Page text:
Object-Oriented Programming

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We are object-oriented creatures living in an object-oriented world. We tend to think in object-oriented ways.

For example, when planning a motor trip, we usually think first about the best way to get from point A to point B without being too concerned about how to get through the traffic in each of the cities along the way.

Once we are satisfied that we have the overall route mapped out appropriately, we may go back and begin thinking about the details, such as how to avoid five-oclock traffic in a particular city, where is the best place to stop for the night, is there some particular restaurant that we want to visit, and if so, how can we arrange the timing so as to arrive there at dinner time, etc. This is object-oriented thinking.

Previous approaches to programming (pre-OOP) tend to separate the data from the methods used to manipulate that data, or at least don’t strongly encourage them to be considered in concert.

The world and its applications are not organized into values and procedures separate from one another. People who solve problems in other crafts do not perceive the world that way. They deal with their problem domains by concentrating on the objects and letting the characteristics of those objects determine the procedures to apply to them.

To build a house, fix a flat tire, or repair a carburetor, you first think about the object and its purpose and behavior. Then you select your tools and procedures. The solution fits the problem.

Any object-oriented language must support three very important concepts:

  • encapsulation,

  • inheritance,

  • polymorphism.

We use these three concepts extensively as we attempt to model the real-world problems that we are trying to solve with our object-oriented programs.

Encapsulation Example

Consider the steering mechanism of a car as real-world an example of encapsulation. During the past eighty years or so, the steering mechanism has evolved into an object in the OOP sense. In particular, most of us know how to use the steering mechanism of an automobile without having any idea whatsoever how it is implemented. All most of us care about is the interface which we refer to as a steering wheel. We know that if we turn the steering wheel clockwise, the automobile will turn to the right, and if we turn it counterclockwise, the car will turn to the left.

Most of us don’t know, and don’t really care, how the steering mechanism is actually implemented “under the hood.” In fact, there are probably a number of different implementations for various brands and models of automobiles. Regardless of the brand and model, however, the human interface is pretty much the same. Clockwise turns to the right, counterclockwise turns to the left.

To appreciate the importance of this standard interface, attach a short rental trailer to your car and try backing it into your driveway. Turning the steering wheel counterclockwise causes the trailer to turn to the right and clockwise causes the trailer to turn to the left; just the opposite from the above. Most of us aren’t accustomed to this interface and have some difficulty using it, at least initially. It is probably safe to suggest that the human factors aspect of the interface to the steering mechanism in your car wasn’t designed for backing up with a trailer attached. (The trick to adapting the interface is to put you hand on the bottom of the steering wheel instead of the top.)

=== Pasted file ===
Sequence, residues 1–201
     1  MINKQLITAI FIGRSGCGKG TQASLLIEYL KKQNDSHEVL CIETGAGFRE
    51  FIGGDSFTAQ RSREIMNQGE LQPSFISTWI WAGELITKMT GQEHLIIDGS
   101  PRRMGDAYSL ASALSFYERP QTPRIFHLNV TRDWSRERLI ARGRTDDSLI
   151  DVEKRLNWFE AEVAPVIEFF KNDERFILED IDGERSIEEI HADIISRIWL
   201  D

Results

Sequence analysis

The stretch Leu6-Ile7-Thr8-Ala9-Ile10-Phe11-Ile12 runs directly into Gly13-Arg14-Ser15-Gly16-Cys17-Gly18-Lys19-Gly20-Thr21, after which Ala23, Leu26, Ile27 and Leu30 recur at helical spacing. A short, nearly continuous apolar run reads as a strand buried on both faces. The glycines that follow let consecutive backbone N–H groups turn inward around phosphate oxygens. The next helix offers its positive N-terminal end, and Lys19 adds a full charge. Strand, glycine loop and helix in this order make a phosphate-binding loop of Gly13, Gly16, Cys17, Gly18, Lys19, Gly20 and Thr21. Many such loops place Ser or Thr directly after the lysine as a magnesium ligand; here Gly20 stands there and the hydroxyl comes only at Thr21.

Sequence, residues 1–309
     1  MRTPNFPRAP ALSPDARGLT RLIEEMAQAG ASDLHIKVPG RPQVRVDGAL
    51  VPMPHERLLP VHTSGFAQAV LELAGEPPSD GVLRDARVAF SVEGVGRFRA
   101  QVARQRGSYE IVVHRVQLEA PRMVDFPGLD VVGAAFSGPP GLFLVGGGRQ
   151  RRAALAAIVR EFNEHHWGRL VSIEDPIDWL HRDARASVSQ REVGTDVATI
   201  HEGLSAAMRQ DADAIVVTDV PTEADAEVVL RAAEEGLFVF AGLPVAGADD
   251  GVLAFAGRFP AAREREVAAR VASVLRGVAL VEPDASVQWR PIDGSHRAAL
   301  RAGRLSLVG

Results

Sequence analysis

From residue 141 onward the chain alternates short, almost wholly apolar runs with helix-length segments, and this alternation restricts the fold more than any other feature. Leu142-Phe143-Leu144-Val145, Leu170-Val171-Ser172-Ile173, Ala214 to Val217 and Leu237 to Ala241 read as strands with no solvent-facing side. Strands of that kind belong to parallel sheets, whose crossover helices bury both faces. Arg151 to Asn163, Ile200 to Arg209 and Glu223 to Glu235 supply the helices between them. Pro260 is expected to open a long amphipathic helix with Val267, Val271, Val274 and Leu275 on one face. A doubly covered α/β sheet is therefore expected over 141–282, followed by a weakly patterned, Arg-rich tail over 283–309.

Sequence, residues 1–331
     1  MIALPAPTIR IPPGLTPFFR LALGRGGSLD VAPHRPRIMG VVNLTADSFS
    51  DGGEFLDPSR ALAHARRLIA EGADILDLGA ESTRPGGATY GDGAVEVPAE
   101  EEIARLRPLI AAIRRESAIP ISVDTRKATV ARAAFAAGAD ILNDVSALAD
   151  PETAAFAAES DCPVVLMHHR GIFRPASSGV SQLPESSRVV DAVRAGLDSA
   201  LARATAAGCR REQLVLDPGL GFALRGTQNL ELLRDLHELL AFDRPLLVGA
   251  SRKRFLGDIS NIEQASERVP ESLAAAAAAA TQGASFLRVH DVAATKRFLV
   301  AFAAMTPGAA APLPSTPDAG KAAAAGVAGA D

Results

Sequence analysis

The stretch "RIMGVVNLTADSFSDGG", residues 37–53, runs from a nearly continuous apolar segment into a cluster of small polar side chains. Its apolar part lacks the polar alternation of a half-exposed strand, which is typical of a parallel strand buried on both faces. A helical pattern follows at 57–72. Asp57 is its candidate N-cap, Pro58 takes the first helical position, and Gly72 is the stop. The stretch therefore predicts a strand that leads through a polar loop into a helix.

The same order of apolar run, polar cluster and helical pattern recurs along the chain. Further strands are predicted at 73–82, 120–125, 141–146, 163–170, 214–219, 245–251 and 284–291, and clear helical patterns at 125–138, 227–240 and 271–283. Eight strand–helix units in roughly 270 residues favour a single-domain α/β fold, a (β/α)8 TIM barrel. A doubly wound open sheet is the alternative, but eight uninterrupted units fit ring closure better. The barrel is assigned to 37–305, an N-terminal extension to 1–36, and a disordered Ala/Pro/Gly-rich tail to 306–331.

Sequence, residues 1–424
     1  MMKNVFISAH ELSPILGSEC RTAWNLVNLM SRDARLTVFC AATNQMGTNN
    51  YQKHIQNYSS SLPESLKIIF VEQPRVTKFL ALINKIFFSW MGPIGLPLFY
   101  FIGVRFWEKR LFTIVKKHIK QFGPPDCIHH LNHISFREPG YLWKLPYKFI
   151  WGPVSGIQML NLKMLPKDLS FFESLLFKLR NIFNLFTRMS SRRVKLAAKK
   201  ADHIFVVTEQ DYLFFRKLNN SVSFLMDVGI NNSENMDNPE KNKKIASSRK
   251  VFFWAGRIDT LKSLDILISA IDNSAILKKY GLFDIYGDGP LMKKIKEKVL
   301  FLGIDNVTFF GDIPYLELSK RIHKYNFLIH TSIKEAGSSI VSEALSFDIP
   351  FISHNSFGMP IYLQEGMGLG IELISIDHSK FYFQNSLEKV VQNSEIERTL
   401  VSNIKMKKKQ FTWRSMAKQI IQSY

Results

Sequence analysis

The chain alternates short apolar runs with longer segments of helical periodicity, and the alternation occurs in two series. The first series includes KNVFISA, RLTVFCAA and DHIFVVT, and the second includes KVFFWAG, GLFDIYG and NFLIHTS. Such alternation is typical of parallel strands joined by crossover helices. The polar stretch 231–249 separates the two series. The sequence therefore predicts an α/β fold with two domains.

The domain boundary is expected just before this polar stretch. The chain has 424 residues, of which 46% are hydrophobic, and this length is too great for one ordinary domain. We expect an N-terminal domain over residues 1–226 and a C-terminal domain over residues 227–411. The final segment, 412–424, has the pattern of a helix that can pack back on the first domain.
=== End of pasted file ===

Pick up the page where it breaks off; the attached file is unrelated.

In any event, as in the steering mechanism for a car, a common approach in OOP is to “hide the implementation” and “expose the interface” through encapsulation.

Inheritance Example

Another important aspect of OOP is inheritance. Let’s form an analogy with the teenager who is building a hotrod. That teenager doesn’t normally start with a large chunk of steel and carve an engine out of it. Rather, the teenager will usually start with an existing engine and make improvements on it. In OOP lingo, that teenager extends the existing engine, derives from the existing engine, inherits from the existing engine, or subclasses the existing engine.

Just like in “souping up” an engine for a hotrod, a very common practice in OOP is to create new improved objects using new definitions that extend existing definitions. In fact, one of the major arguments in favor of OOP is that it provides a formal mechanism which encourages the reuse of existing programming elements. One of the mottos of OOP is: reuse, don’t reinvent.

Polymorphism Example

A third important aspect of OOP is polymorphism. This is a greek word meaning something like one name, many forms. This is a little more difficult to explain in non-programming terminology. However, we will stretch our imagination a little and say that polymorphism is somewhat akin to the automatic transmission in your car. In my Honda, for example, the automatic transmission has four different methods or functions known collectively as Drive (in addition to the functions of Reverse, Park, and Neutral).

As an operator of the automobile, I simply select Drive (meaning go forward). Depending on various conditions at runtime, the automatic transmission system decides which version of the Drive function to use in every specific situation. The specific version of the function that is used is based on the current conditions. This is somewhat analogous to what we will later refer to as runtime polymorphism.

I also believe it is true that my Honda has only one method which we refer to as Reverse. Once I select Reverse, that one method gets used. There is no automatic selection among multiple reverse methods. Therefore, my Honda exhibits polymorphic behavior when going in the forward direction, but exhibits non-polymorphic behavior when going backwards.

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